I am absolutely loyal to my teachers; they know that. I know lots of information, other club members don't know, despite having more teachers.
    I'm pretty sure, they have no doubt about my loyalty, since both parties work on that and are loyal to each other. In a healthy amount of course; not that "sect-loyalty" some people connect with MAs.
    Smaug97 likes this.
  12. Mushroom

    Mushroom De-powered to come back better than before.

    I personally don't think there is an issue to train in other places...however, I won't be training the same art in a different place. If I didn't like the team, I would've left.

    Echo-ing what other MAPpers has mentioned. Surely your MA should be training you in combat anyway. I train in KF and I grew up doing so, and it is my base. I took up Muay Thai because I took a break from KF and needed to hit things, ended up staying and loving it and I took up grappling because the idea of chucking people appealed to me. However, through all that, elements of my kungfu/tma has come through in all, and the other styles have improved other aspects to each other.
    ie - the grappling has improved my clinch work/bridging, MT has greatly improved the striking and power gen and my KF has given me the heads up on general combat and nastiness.

    Am I any good? Well I get my behind handed to me on the regularin class, because as the cliche goes... "Iron sharpens iron".

    The choices are everywhere and you have the right to choose to go where your path in Martial Art goes. Choose an art, see if you like it...if you don't. Move along.
    Sarute Uchizaki and axelb like this.
  13. aikiMac

    aikiMac aikido + boxing = very good Moderator Supporter

    Take up boxing. After two years, return to the traditional art. You'll kick their ----.

    Would that I had done the same ten years ago. (sigh) It's absolutely amazing how much I have learned in just 2 years of boxing. Absolutely amazing.
  14. Knee Rider

    Knee Rider Valued Member Supporter

    It's a common epiphany for anyone who has transitioned from a typical TMA training environment to a full contact striking combat sport environment (or grappling). The hurdle is accepting this when you're immersed in your training. A lot of people simply won't accept that boxing (as per your example) has anything to offer. Shame.
    Archibald likes this.
  15. Pretty In Pink

    Pretty In Pink Moved on MAP 2017 Gold Award

    As to your original question I'd say if your instructoris not teaching you how to fight then you're not really learning martial arts.
    Smaug97 likes this.
  16. Dead_pool

    Dead_pool Spes mea in nihil Deus MAP 2017 Moi Award

    Iirc your instructor was a yoseikan guy?

    How come Sparring (which is a yosiekan thing) isn't being taught, but it is tested on?

    Were there sparring classes that your not attending, or is there something else going on?
  17. Latikos

    Latikos Valued Member

    I train JJJ in two different clubs; my Sensei even recommended me the other place.

    If I were to start in tournaments (I'd like to try it out), I'd probably start for the second club.
    For example: In November is an SD-competition (nothing special really: You show five techniques you practiced before) and I will most likely start for the second club - which was my Senseis idea, due to association thingies.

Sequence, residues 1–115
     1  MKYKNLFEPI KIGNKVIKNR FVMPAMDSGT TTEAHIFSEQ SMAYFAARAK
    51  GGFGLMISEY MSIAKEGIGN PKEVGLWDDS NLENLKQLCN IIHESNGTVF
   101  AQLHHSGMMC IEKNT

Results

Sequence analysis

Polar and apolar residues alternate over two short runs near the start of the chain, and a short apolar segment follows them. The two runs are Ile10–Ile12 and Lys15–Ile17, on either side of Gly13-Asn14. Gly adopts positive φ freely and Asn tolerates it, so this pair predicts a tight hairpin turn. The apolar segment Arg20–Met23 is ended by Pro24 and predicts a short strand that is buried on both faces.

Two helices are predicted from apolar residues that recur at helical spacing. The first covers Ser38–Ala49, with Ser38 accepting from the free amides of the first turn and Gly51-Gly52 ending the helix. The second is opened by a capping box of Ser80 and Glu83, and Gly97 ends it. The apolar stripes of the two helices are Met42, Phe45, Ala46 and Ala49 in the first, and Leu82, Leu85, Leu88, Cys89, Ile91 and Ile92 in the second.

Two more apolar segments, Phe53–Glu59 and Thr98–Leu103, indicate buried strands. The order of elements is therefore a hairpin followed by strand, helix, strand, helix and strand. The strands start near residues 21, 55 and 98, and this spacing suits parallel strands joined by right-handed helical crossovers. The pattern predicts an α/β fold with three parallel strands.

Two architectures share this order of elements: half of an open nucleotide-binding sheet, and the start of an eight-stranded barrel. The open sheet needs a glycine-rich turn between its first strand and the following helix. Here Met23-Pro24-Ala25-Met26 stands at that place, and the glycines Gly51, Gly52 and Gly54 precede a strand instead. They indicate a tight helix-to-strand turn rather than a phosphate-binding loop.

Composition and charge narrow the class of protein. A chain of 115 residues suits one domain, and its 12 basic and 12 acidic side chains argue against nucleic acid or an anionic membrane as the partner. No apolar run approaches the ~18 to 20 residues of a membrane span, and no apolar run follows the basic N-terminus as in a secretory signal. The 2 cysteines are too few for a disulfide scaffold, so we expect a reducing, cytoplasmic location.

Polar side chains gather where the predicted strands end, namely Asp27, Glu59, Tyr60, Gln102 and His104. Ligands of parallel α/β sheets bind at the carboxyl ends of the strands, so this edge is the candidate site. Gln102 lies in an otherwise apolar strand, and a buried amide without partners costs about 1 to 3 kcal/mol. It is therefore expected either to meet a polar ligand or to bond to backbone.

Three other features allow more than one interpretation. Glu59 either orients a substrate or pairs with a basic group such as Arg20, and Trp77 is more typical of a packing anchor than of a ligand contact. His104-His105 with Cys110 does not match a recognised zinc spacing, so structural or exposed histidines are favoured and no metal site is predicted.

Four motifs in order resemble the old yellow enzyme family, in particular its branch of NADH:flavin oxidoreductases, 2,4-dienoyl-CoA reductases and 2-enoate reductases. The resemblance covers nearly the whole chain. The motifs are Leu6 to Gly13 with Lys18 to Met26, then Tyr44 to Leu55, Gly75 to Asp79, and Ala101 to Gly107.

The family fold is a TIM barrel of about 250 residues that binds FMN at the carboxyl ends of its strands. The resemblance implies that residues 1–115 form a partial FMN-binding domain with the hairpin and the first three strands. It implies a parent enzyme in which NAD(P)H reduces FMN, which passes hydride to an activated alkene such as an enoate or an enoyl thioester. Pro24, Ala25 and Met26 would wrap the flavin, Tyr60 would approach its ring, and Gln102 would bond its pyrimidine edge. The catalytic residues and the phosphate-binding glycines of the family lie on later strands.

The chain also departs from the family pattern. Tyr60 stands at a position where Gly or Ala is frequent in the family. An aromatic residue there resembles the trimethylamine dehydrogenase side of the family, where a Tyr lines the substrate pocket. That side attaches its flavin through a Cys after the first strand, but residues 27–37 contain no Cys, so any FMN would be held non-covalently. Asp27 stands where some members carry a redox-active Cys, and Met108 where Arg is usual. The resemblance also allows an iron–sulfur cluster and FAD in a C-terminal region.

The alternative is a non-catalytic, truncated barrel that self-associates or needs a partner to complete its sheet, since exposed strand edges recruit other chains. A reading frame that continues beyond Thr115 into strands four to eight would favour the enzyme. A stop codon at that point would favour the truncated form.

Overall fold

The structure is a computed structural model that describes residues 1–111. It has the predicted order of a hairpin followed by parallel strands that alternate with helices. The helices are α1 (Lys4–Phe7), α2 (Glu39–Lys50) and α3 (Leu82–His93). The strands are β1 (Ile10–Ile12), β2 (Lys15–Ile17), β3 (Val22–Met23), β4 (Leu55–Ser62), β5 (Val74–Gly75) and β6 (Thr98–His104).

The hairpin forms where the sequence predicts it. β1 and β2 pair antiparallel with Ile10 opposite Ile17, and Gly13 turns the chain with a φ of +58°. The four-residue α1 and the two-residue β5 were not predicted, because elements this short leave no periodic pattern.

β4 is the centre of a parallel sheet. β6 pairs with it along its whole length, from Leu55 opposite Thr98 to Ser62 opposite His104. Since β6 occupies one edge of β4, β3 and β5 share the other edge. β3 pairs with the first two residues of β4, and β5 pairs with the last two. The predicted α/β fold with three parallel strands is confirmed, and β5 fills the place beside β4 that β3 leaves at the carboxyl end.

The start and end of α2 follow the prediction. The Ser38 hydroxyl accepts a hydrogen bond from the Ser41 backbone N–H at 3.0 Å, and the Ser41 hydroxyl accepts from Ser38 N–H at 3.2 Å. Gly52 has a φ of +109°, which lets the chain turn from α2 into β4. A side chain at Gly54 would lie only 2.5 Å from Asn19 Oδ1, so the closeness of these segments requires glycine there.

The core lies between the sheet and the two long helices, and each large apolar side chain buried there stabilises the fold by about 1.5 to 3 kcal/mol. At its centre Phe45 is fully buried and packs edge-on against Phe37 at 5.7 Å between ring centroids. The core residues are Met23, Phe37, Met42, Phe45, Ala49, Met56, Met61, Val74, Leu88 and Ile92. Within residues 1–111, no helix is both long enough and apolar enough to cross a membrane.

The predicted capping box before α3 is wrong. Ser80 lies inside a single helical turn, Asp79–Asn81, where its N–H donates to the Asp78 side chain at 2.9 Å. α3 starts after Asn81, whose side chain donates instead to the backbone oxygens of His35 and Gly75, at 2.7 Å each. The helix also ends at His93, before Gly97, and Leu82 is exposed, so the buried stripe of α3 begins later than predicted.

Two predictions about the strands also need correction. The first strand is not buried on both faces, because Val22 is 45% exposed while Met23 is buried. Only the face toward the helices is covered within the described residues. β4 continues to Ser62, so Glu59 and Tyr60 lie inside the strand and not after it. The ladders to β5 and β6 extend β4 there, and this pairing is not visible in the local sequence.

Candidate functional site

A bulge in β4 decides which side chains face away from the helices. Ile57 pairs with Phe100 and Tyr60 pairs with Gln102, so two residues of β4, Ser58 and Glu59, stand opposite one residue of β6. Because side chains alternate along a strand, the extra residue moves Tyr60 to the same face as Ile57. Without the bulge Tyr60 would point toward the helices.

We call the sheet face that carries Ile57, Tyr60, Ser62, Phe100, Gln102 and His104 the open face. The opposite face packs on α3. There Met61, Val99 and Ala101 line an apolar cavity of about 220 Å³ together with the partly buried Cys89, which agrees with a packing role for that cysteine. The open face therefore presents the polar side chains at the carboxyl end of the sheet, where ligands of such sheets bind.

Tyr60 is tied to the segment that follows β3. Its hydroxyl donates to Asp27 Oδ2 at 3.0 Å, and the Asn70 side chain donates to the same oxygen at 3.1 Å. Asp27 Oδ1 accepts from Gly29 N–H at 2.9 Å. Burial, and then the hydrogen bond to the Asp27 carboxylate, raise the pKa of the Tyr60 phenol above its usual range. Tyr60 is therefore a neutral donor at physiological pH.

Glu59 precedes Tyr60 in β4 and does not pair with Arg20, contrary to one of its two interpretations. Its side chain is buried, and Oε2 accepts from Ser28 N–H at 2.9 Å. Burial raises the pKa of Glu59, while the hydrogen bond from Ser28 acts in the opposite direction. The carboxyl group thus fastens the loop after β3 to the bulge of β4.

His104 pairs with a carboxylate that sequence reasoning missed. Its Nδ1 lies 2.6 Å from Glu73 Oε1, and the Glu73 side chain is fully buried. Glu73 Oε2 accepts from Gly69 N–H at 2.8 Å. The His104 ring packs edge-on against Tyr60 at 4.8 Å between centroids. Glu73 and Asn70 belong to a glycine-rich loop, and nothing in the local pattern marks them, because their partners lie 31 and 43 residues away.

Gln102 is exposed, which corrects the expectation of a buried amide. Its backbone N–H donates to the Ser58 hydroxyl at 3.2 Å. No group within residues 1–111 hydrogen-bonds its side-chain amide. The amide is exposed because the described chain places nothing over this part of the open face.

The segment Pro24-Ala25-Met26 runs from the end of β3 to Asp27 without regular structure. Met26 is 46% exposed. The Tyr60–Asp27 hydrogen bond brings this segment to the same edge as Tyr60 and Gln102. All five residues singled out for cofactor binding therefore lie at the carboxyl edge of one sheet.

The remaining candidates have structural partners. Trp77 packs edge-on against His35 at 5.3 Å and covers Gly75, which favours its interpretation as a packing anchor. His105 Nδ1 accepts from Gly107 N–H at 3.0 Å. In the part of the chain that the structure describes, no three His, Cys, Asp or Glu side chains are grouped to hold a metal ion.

I will name my Sensei as my teacher though.
    Mushroom likes this.
  18. Smitfire

    Smitfire Cactus Schlong

    I would never train anywhere, or with anyone, that tried to dictate where else I could train.
    My martial arts is my martial arts and no one else's business.
    However...if I trained in an art that competed, and competed myself, I would probably only train in one place so that any success I had was correctly attributed. Like it or not competition success is public relations "currency" when it comes to club promotion and I'm also generally a fan of credit where credit is due.
  19. Dunc

    Dunc Well-Known Member Moderator Supporter

    In my experience people who try to prevent students from cross training most often do so because they feel somewhat threatened by it
    So you have to ask yourself why

    Training at different clubs within the same style can be problematic for your relationship with the instructor/club particularly if they compete
    I encourage my guys to go train with anyone who has something to offer and in that way they’ll hopefully avoid picking up my mistakes or bad habits

    In my view one shouldn’t be loyal to anyone who tries to control you in any way

    I feel it’s ok to present people with challenges that they’ve not directly trained for. I think that this can be a powerful learning experience. Perhaps that’s ok as a test from time to time, but it seems odd if it was the core testing method for all grades

    Just my tuppenceworth....
  20. Thomas

    Thomas Combat Hapkido/Taekwondo

    From an 'old school' perspective, I would recommend first taking your concerns to your instructor concerning the training (or lack thereof). Then, I would let him/her know that I was planning to do some cross training and I would even ask for recommendations. His/her 'approval' really doesn't concern me, but being polite and letting him/her know and asking for recommendations is both wise and polite. Of course, if s/he said that I wasn't 'allowed' to train else where, then I would leave.

    On a personal note, I have found that my favorite instructors have been those who have cross trained and who encourage students to do likewise.